Security Experts Raise Alarm Over Insider ThreatsEconomic troubles raising the stakes on potential threats, FIRST members say
Security researchers and other experts are turning up the heat on insider threats, warning enterprises that the problem is growing and could prove devastating for many enterprises.
In preparation for its meeting in Japan next month, the Forum of Incident Response and Security Teams (FIRST) issued a press release in which its senior officers urge organizations to step up their efforts to protect themselves from insider attacks, saying that many are "ill-prepared for an onslaught which could prove calamitous."
"One of the greatest security threats of our times is from insiders, as organizations lay off tens of thousands of workers," said Scott McIntyre, a FIRST steering committee member and representative of the Netherlands-based KPN Computer Emergency Response Team (CERT). "People know the axe is coming, and the longer employers prolong the swing of that axe, the more danger they expose themselves to, either from sabotage or data theft. An employee who thinks he or she is [going to be laid off] can start fouling up systems which are critical to the organization, or decide to take an unauthorized pay-off by stealing a mass of data."
Yurie Ito, another FIRST steering committee member and director of Japan's JPCERT/CC, agreed. "Don't think you're safer once the employee is laid off and outside the wall," Ito warned. "A lot of these people know how the systems work -- they have the keys to the castle and they know where the secret doors are. Even when companies think they have taken the necessary steps by removing ID and changing passwords, these people have the knowledge and skill that means they still pose a threat. They are extremely dangerous."
Researchers and vendors outside of FIRST also say they are becoming concerned about the threats posed by those with knowledge of corporate systems, such as IT people and privileged users. "The most common insider threats are posed by everyday workers who might walk out with sensitive data on a USB drive," observes Eric Yoshizuru, evangelist at security vendor Symark. "But it's the privileged users who can do the most serious crimes against the organization."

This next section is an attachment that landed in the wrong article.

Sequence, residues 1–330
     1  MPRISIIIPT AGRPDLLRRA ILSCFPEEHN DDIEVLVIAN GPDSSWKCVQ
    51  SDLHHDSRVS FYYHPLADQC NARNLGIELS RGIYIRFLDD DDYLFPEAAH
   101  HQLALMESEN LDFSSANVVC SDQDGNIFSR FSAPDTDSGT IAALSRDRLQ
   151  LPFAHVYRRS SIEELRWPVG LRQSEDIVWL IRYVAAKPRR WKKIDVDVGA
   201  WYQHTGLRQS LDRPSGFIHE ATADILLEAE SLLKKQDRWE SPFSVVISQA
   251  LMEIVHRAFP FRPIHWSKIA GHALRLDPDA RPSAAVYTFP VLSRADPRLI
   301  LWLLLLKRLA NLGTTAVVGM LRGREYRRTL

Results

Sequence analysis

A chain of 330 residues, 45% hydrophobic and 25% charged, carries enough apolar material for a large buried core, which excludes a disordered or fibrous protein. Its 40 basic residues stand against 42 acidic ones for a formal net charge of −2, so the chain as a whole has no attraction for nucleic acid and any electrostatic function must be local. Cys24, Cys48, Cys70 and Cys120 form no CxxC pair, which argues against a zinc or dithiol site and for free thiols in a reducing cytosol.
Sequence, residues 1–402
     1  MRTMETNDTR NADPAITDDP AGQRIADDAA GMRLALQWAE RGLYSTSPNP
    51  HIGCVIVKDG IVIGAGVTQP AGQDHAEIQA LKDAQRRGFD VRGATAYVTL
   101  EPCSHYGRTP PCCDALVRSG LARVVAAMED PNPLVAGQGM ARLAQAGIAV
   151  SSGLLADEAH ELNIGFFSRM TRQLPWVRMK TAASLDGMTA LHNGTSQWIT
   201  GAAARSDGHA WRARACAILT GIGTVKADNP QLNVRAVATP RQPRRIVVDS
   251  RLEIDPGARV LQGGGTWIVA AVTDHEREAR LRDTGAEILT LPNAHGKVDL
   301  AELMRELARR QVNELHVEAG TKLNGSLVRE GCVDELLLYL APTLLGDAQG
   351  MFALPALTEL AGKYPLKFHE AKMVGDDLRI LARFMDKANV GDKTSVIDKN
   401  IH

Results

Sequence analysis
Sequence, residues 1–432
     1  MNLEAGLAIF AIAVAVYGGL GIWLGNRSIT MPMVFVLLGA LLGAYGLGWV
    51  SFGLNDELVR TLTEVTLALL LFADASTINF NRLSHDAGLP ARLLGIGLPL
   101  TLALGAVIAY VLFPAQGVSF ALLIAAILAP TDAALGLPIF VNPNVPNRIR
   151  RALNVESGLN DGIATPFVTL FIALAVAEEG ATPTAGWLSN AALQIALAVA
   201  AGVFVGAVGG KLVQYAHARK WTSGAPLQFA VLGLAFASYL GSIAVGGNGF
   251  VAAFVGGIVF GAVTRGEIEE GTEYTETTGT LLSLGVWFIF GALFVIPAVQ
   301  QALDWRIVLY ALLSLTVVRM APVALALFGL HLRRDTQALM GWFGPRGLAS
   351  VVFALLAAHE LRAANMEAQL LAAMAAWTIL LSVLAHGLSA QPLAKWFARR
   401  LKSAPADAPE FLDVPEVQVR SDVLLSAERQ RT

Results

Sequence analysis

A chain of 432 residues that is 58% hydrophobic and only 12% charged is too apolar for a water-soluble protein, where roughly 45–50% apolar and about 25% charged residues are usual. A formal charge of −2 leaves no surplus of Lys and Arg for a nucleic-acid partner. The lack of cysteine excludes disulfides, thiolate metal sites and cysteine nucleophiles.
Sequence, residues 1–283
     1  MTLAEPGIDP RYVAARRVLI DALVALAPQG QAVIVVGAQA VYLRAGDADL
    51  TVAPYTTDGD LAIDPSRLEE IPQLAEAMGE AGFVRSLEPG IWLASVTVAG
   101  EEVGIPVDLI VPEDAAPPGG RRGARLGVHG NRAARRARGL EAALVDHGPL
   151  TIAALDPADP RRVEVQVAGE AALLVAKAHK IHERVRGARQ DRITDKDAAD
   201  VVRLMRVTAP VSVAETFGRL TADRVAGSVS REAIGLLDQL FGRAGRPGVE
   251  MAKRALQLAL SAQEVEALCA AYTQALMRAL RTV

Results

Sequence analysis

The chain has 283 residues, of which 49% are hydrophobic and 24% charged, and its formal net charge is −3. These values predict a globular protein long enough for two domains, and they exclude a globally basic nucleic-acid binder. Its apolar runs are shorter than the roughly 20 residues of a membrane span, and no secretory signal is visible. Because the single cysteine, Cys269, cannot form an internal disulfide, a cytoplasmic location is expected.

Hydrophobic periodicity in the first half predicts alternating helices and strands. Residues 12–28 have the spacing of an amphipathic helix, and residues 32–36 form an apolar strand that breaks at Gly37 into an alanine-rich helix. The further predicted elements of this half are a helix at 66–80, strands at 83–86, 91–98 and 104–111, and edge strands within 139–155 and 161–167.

A few years ago, most organizations "trusted their IT organizations to do the right thing," Yoshizuru says. But following a series of very public attacks involving IT people during the past few years, many organizations are beginning to implement tools and processes to protect themselves against threats posed both by employees and the IT people who support them, he notes.
"A lot of companies have been through the wringer with layoffs, and in many cases, the 'survivors' feel overworked, underpaid, and unappreciated," Yoshizuru says. "In some cases, these are people who understand the technical vulnerabilities of the company, but they are nervous -- if they see another layoff coming, they may be tempted to retaliate."
Tom Mullen, security chief for telco giant BT, says organizations must now regard some precautionary measures as a matter of urgency. Exit procedures should be scrutinized and rescrutinized, especially for employees whose severance was involuntary. "You simply must have thorough exit and monitoring plans in place, and these need to be very specific when you're dealing with employees who had any kind of access to critical systems or data," Mullen says. "You have to make sure that under no circumstances can a departing member of staff take any sensitive information out of the organization."
Many organizations are approaching the insider threat in much the same way that they approach the external threat: "How is somebody going to get in, what might they steal, and in the worst circumstances, how to restore from backups if outsiders do break in and crash something," notes Derrick Scholl, chair of the FIRST steering committee.
But these methods don't address the real damage that a determined insider might do, Scholl says. "Sure, an insider is capable of stealing corporate secrets, or customer lists, or destroying computers, but their potential for harm is far worse," he states. "Imagine a software company where an insider has the ability to change code in the product without being detected. What if the insider altered design documents or tampered with customer orders? Or ripped out hard drives and corrupted systems just as a big corporation was about to issue its quarterly bills to hundreds of thousands of customers? It's a totally different order of threat, and it requires a different way of thinking."
Organizations today must begin the process of separating duties and building checks and balances into their IT and administrative access schemes, Yoshizuru says. "That extends to systems like Salesforce.com, where the administrator may be outside the IT organization," he notes.
Yoshizuru says steps to prevent insider attack may also extend beyond the employee base. "With tough economic times, a lot of companies are bringing in contractors and temporary employees, but they aren't extending the tools and training to those employees that they do to their full-time workers," he observes. "That's a set of issues that companies should be looking at as well."
The 21st Annual FIRST conference will take place June 28 to July 3, 2009, at the Hotel Granvia in Kyoto, Japan.
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